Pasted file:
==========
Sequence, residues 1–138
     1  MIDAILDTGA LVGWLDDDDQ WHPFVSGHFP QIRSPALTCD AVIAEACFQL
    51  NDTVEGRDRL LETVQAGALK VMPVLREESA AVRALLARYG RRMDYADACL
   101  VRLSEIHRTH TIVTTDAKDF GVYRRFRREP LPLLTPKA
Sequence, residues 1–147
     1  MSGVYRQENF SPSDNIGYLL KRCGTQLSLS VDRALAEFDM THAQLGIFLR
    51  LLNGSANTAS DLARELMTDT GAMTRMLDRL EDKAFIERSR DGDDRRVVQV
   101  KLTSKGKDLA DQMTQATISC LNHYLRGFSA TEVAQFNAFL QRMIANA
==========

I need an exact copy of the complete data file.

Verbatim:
Sequence, residues 1–138
     1  MIDAILDTGA LVGWLDDDDQ WHPFVSGHFP QIRSPALTCD AVIAEACFQL
    51  NDTVEGRDRL LETVQAGALK VMPVLREESA AVRALLARYG RRMDYADACL
   101  VRLSEIHRTH TIVTTDAKDF GVYRRFRREP LPLLTPKA
Sequence, residues 1–147
     1  MSGVYRQENF SPSDNIGYLL KRCGTQLSLS VDRALAEFDM THAQLGIFLR
    51  LLNGSANTAS DLARELMTDT GAMTRMLDRL EDKAFIERSR DGDDRRVVQV
   101  KLTSKGKDLA DQMTQATISC LNHYLRGFSA TEVAQFNAFL QRMIANA